“I personally don’t believe we can achieve the transition based on what we’re seeing to date,” Dimery told the AFR last week. “I think we’re headed for failure.”

Anthony Albanese was elected on a promise to cut household energy bills by $275 in his first term. A survey by Compass Polling last month found 70 per cent of Australians don’t believe him. Last week Australian Competition and Consumer Commission chair Gina Cass-Gottlieb told a parliamentary committee household energy bills had risen by $300 since April.

Dimery predicts energy costs will rise by at least 35 per cent in 2023. Jim Chalmers says energy is the most “problematic aspect of our inflation problem over the course of the next six or nine months”.

Yet Bowen stood as steady as the legless Black Knight in a Monty Python movie last week, refusing to budge. He told the conference that “getting more renewables in the system will mean lower power prices”. He added: “I don’t think that should be such a controversial statement in Australia in 2022.”

Bowen is betting the future of the economy on his counterintuitive assumption that a transition from hydrocarbons to solar, wind and batteries will bring the cost of energy down.

In every country that has gone down this path, the very opposite has occurred. Even before Russia’s invasion of Ukraine, energy prices had risen between 60 per cent and 100 per cent in Britain and Germany since renewable investment began at the start of the century. In Australia, energy prices fell for 60 years until the start of the renewable era. Now they’re rising.

Bowen hasn’t said when the correlation between rising investment in weather-dependent zero-carbon energy and rising prices will start to reverse. He does, however, stand by the modelling he commissioned in opposition, which predicts that the average household energy bill will fall by $385 once we reach the magic 82 per cent renewables share in the energy grid in eight years’ time.

Rising electricity prices aren’t all bad news, according to Guardian Australia, which reported last week that sales of household solar arrays were through the roof. To illustrate what good news this supposedly is, the Guardian claimed rooftop solar supplied almost three-quarters of WA’s total energy demand on the weekend before last. Confirmation-biased reporting like this demands a little fact checking.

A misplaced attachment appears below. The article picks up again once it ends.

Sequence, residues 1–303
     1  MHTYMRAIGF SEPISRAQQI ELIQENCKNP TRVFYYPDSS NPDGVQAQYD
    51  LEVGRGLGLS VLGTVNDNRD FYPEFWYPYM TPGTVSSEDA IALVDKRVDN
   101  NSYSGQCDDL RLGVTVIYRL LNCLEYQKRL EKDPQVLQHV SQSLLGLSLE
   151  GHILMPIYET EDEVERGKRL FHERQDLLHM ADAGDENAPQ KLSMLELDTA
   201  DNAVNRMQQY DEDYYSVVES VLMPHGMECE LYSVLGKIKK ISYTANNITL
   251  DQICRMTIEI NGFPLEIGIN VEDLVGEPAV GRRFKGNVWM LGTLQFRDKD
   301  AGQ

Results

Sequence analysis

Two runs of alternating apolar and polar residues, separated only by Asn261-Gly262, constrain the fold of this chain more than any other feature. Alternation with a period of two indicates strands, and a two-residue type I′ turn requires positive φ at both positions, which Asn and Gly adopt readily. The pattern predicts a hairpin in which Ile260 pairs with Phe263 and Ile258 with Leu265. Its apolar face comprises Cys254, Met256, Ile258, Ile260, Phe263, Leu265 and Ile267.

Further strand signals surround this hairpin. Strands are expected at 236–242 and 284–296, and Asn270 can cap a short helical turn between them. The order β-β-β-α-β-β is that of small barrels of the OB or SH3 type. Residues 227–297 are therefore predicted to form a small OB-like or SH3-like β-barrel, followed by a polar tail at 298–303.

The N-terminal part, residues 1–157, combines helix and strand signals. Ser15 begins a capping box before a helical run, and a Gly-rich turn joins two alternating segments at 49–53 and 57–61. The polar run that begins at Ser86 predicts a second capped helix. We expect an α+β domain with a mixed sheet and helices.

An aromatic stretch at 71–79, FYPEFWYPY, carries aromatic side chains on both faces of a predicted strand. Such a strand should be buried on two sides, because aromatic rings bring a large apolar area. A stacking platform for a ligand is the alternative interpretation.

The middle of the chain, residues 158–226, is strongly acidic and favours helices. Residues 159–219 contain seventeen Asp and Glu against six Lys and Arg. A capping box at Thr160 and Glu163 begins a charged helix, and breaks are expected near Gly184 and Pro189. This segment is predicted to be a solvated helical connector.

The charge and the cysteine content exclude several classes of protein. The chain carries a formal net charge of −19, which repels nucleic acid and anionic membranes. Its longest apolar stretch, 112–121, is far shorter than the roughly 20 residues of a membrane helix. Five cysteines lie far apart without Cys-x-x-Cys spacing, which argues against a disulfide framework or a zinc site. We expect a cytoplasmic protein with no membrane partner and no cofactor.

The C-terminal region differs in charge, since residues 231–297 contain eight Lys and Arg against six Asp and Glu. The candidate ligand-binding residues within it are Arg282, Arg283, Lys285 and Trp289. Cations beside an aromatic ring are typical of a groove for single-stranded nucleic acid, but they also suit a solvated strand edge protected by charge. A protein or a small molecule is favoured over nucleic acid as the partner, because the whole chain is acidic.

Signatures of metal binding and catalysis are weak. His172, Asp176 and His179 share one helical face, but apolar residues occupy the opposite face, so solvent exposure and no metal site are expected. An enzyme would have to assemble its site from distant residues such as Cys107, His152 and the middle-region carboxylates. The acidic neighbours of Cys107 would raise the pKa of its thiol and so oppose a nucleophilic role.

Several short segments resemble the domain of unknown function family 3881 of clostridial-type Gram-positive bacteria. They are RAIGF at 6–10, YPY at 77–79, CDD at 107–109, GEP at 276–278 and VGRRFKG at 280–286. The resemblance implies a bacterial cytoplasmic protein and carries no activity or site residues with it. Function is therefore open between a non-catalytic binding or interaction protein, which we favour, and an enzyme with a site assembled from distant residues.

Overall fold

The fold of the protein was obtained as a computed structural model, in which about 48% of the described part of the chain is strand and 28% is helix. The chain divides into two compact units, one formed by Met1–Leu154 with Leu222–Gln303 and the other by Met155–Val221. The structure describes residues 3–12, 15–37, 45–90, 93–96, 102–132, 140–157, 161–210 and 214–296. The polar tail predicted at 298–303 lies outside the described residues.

The Australian Energy Market Operator’s records show rooftop solar supplied 71 per cent of demand in WA at 12.30pm on Saturday, October 8. Between 6pm Saturday and 6am on Sunday, however, rooftop solar was supplying 0 per cent. During that period three-quarters of the power was supplied by coal and gas.

The answer to this little hiccup, as every Guardian Australia reader knows, is to install batteries, which, as every Guardian reader also knows, are getting cheaper by the minute.

The cost is falling so fast that electric cars and vans will be cheaper to buy than petrol or diesel vehicles by 2027, the newspaper reported in May last year. In February this year, however, economic reality reared its ugly head. “Gone ballistic” read the Guardian’s headline. “Lithium price rockets nearly 500% in a year amid electric vehicle rush.”

The cost of installing a Tesla Powerwall, a domestic energy storage unit the size of a fridge, has risen from less than $10,000 in 2017 to about $19,000 today.

None of this should surprise. Improved technology and manufacturing efficiency gains were only going to push battery prices downwards for so long. The International Energy Agency has analysed the cost of moving from a fuel-intensive energy system to a material-intensive one. Far from eliminating hydrocarbons, the IEA forecasts, the demand for minerals such as lithium, graphite, nickel, copper and rare earths will rise by 4200 per cent, 2500 per cent, 1900 per cent and 700 per cent respectively by 2040.

If nothing else destroys the delusion that renewable energy offers nothing but healing kindness to a desiccated planet, the rapacious hunger for minerals surely must. In an influential recent paper for the Manhattan Institute, Mark P. Mills predicts that meeting the world’s transition goals will require dozens of new mines for each of a dozen classes of minerals, each at the scale of some of the biggest mines in the world today and each requiring tens of billions of dollars of investment.

“The lessons of the recent decade make it clear that SWB (solar, wind, batteries) technologies cannot be surged in times of need, are neither inherently ‘clean’ nor even independent of hydrocarbons, and are not cheap,” Mills writes.

Having set Australia’s 2030 and 2050 emissions targets in stone, it falls on Bowen and Anthony Albanese to produce plan B. Assuming, of course, they have one.


My other blogs. Main ones below

http://dissectleft.blogspot.com (DISSECTING LEFTISM )

http://edwatch.blogspot.com (EDUCATION WATCH)

http://pcwatch.blogspot.com (POLITICAL CORRECTNESS WATCH)

http://australian-politics.blogspot.com (AUSTRALIAN POLITICS)

http://snorphty.blogspot.com/ (TONGUE-TIED)

http://jonjayray.com/blogall.html More blogs


No comments: